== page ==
For a start, no one has proposed—British Rail has not proposed, and this Bill does not propose—that freight should go through King's Cross. The question of freight is entirely irrelevant to this Bill, which deals only with passenger traffic, as the Government have confirmed in answers over the past few months.

    The Yorkshire Post article then quotes the director of the Yorkshire and Humberside partnership, a Mr. George Smurdon, as follows:
    "We have contacted all MPs in our region, urging them to be in the Commons tonight supporting the Bill."
    That is fair enough. If one adopts the attitude that King's Cross is the only possible means of providing the north of the country with benefits, one is acting fairly by lobbying in support of it. Mr. Smurdon goes on:
    "I am advised there have been a number of amendments tabled by Mr. Chris Smith, the Labour MP for Islington, South and Finsbury, and these are likely to be viewed as a means of frustrating the Bill."
    I hasten to put the Yorkshire Post right. On a number of occasions I have made it clear in the House that I regard this as a bad Bill. By the amendments that I have tabled, however, I seek to make it a better Bill and to make it rather more amenable to the interests of my constituents. The purpose is not to frustrate the Bill.

    My hon. Friend has referred to a report in the Yorkshire Post. I do not agree entirely with that report, but I should like to refer to the freight issue, although it is not covered by this Bill. There has not yet been any decision as to how freight will get from the north to Stansted. It should be remembered that freight, too, is an issue. I cannot allow this occasion to pass without referring to the concern of people in the north of England about the question of freight. Although I appreciate what my hon. Friend has said, I believe that we ought to express concern with regard to the lack of information about how freight will get from the north to the channel tunnel.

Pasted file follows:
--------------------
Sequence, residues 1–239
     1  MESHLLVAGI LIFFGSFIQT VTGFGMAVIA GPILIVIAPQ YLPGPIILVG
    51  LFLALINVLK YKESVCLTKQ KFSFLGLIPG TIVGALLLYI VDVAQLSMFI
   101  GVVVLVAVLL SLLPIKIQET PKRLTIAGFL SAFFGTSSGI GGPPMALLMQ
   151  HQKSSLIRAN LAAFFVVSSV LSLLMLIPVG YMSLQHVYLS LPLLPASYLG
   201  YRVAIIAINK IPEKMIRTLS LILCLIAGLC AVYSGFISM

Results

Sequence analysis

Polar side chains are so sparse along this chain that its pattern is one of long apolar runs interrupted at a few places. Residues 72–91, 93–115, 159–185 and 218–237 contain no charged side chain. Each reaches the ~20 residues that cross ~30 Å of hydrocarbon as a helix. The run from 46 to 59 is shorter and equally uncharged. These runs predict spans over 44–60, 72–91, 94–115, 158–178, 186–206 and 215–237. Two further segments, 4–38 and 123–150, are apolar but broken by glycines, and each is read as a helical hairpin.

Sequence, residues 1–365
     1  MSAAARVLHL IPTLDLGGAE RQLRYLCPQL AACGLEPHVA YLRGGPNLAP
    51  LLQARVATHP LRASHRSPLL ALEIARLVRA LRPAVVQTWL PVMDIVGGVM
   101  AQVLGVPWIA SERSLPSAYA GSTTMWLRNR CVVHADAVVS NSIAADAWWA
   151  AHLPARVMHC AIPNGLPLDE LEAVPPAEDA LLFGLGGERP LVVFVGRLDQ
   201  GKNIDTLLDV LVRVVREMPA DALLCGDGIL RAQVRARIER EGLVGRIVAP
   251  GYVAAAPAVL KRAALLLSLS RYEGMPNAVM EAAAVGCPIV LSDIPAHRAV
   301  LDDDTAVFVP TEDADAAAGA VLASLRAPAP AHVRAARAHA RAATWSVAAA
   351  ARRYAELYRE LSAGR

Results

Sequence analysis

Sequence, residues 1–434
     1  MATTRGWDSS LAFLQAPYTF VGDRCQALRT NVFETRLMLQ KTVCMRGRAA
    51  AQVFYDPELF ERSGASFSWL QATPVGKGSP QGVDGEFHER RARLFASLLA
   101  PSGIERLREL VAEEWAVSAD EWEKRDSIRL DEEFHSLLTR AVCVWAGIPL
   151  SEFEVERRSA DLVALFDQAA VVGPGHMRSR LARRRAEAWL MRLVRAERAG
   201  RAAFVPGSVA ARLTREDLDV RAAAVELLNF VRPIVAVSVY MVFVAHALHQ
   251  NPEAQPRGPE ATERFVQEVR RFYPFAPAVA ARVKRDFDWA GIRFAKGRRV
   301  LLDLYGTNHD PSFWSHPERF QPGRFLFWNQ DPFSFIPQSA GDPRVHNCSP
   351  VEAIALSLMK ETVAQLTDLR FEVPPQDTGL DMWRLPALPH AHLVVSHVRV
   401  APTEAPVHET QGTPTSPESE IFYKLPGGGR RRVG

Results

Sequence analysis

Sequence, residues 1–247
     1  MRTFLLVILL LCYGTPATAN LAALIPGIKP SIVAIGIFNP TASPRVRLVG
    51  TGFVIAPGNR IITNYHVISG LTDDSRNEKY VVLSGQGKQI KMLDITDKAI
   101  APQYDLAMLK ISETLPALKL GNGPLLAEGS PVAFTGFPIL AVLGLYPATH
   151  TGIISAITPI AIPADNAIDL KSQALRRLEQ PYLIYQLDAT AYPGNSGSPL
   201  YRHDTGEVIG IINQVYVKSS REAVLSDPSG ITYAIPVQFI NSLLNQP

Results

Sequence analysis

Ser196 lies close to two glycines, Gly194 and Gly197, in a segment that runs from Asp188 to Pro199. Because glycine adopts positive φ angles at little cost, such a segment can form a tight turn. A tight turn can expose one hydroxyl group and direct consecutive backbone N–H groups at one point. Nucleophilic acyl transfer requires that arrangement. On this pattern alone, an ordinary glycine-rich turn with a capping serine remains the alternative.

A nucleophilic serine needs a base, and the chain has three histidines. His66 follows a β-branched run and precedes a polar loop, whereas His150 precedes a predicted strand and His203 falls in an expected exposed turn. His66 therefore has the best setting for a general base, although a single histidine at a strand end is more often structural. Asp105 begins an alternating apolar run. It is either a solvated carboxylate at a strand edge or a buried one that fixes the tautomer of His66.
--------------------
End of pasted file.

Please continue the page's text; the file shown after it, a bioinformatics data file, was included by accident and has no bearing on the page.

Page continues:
7.15 pm

    My hon. Friend has identified a very real problem. We have been provided, either by British Rail or by the Government, with very little information about the provision for freight coming through the channel tunnel. I apologise, Madam Deputy Speaker, for trespassing a little beyond the scope of the two new clauses, but this is an important question. At the moment, we do not have sufficient information or satisfactory assurances about freight. Concern about the ability to ensure that freight can be transported as rapidly, smoothly and effectively as possible from any part of the country to and through the channel tunnel is far more important even than concern about passenger traffic.